Category: DIY Projects

Bird Feeder Pulley System

It’s been awhile since I last posted, but I have been busy with many projects.  Now I have lots of blogging to catch up on.

We are fortunate to have a little cabin up in the north woods.  We enjoy relaxing at our little place in the woods and watching all of the wildlife.  Patrick decided to hang bird feeders not long after we purchased the cabin.  We started with basic bird seed and were delighted with visits from squirrels (gray, red, black, small and large), chipmunks, raccoons,  a variety of birds (chickadees, nuthatches, blue jays,  and a variety of woodpeckers).  So fun to watch all the action.


A few years ago during a Thanksgiving weekend visit, Patrick splurged on bird food with dried fruit and nuts.  I thought it was overkill as it looked like trail mix I would eat myself and the price was pretty steep.  Later that evening we couldn’t figure out what was eating the nut-fruit mix  at the feeder.  Definitely something we had not seen before.  It looked like squirrels, but they were moving too fast.  Could it be some kind of bird?  It looked like they were flying to the feeder from another tree.  After some seriously patient watching, we finally figured out it was a bit of both…..flying squirrels.  I never knew these were native to the north woods.  So fun to watch!  So cute!  They are nocturnal, so they have very large eyes relative to rest of their body.  Needless to say, we always buy the fruit-nut mix now for our furry, flying friends.

This fall, we decided to add another feeder.  We had to get it higher into the tree, but still needed access for filling.  We developed a pretty simple pulley system.  The supply list is pretty simple and can be seen below.  I used a planter hook, rope, a pulley, two carabiners, an eye hook, a pulley, a screwdriver and drill.  My feeder is heavy when filled, so I might need to replace the planter hook with a stronger hook that has a cross bar for added support.  It is already starting to bend with the weight.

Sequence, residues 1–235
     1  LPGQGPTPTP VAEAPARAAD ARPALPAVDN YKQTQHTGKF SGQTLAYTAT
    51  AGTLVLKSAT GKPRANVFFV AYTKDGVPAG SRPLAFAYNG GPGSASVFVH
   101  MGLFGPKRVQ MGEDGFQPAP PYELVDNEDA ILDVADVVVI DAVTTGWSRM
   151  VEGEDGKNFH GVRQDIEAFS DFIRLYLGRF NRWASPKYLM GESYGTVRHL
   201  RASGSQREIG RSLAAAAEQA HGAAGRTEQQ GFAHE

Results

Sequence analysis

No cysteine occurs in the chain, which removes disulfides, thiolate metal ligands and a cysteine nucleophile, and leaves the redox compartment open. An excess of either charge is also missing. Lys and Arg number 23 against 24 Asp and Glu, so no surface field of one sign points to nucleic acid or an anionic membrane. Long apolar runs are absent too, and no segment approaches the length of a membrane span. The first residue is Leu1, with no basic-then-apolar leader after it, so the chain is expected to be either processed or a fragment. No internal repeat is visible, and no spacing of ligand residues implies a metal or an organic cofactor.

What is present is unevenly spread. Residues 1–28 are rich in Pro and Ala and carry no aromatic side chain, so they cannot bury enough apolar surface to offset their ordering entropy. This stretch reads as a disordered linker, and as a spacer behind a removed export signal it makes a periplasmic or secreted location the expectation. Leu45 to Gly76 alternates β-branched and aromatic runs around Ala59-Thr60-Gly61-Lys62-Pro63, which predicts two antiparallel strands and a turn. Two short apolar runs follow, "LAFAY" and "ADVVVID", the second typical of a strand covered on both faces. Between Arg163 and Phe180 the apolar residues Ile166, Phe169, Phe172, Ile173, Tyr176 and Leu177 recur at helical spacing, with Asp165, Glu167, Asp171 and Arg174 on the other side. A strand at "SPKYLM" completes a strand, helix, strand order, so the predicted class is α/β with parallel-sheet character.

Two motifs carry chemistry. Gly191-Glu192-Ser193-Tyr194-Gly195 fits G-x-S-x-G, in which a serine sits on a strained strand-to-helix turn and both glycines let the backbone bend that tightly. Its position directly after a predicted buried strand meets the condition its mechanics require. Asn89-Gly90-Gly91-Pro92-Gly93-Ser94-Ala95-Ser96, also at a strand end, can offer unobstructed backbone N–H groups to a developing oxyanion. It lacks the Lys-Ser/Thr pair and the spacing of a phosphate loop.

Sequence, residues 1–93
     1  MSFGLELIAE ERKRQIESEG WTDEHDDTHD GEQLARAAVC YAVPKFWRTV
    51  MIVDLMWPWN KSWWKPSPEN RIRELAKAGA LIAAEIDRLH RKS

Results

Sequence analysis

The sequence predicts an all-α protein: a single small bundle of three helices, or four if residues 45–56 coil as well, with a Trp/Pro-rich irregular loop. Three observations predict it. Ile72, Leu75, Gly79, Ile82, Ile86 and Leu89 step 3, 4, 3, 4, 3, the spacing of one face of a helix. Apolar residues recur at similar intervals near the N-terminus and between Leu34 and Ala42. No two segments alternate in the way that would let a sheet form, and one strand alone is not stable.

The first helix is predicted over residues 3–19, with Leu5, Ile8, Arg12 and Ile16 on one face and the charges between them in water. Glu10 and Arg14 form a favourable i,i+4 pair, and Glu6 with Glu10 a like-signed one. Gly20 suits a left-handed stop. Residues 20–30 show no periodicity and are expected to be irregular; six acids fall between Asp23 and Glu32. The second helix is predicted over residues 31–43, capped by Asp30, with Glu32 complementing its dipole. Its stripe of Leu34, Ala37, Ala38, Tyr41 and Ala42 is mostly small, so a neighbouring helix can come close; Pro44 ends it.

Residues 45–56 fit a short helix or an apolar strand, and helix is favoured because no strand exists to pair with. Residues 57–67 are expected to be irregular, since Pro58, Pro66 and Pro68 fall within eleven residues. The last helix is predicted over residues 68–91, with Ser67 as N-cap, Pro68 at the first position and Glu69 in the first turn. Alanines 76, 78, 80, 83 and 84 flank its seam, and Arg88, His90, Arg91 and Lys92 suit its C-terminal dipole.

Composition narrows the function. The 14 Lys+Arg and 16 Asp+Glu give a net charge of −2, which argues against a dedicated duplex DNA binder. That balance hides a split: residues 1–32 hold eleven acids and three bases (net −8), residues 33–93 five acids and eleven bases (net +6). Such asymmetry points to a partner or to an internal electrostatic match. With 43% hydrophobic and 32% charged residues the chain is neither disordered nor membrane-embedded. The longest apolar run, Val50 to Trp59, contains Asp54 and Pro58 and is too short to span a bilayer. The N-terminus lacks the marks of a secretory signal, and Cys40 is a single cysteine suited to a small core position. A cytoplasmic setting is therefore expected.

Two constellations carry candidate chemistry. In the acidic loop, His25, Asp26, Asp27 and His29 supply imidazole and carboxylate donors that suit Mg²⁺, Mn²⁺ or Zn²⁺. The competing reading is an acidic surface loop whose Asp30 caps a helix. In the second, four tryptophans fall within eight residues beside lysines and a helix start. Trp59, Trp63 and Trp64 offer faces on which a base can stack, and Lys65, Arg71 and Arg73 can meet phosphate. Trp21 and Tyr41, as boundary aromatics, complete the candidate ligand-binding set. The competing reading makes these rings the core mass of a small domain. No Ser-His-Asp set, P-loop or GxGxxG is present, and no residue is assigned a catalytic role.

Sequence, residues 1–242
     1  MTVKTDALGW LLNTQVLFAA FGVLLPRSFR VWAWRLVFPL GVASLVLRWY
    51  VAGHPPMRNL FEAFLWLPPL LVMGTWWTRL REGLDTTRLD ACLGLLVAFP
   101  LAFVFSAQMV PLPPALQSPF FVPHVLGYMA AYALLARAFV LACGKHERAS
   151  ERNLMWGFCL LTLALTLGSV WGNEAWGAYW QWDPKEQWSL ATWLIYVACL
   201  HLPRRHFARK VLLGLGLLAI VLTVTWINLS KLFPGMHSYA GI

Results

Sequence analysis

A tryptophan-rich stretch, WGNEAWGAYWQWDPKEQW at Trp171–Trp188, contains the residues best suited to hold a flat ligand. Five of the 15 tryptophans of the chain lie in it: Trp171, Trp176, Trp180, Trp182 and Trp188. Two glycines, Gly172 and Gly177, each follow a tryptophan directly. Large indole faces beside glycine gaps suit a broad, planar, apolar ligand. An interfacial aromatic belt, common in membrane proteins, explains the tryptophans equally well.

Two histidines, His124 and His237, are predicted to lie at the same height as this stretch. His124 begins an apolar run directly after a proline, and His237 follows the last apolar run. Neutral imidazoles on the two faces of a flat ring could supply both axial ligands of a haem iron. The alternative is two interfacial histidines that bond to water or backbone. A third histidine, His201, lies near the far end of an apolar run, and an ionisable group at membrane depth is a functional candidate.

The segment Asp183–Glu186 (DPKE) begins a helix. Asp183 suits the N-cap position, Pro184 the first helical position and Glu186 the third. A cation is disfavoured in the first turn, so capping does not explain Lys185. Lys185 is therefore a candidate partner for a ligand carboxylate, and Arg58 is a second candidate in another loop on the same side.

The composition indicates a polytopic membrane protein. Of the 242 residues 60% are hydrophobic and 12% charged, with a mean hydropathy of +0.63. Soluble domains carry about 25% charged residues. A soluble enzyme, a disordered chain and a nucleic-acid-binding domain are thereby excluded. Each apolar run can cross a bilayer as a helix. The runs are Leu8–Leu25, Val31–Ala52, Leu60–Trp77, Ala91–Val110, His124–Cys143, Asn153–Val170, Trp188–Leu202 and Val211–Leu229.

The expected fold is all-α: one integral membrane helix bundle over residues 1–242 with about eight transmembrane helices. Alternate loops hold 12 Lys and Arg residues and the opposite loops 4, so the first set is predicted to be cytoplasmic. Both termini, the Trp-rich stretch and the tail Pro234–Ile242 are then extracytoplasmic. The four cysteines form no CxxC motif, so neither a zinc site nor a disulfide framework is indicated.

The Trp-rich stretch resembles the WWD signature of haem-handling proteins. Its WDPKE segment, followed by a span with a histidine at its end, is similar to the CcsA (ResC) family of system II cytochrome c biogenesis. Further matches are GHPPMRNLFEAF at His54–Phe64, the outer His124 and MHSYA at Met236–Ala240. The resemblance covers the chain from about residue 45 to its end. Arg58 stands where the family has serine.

We drilled holes into the tree and screwed the hardware in for the planter hook.  These screws came with the planter hook.  I hung the pulley from the hook and passed the rope through.  I tied a carabiner to the end of the rope for easy connection and release to the rope on the feeder.  I made sure the rope was long enough to lower the feeder to ground and tied the other carabiner to this end of the rope.   Getting the rope right is definitely the trickiest part of this project.  The carabiner at the end of the rope reaches to the pulley when the feeder is lowered.  It doesn’t lower all the way to the ground, so the quick release on the feeder is helpful to detach the feeder for filling.   I screwed an eye hook into the tree and use this to secure the carabiner on the rope so the feeder is secure in its elevated position.  A quick weekend project and our feathered and furry friends enjoy their new feeding station.


Hope you are having a great fall.  I look forward to your comments.  Please find the link at the top of this post.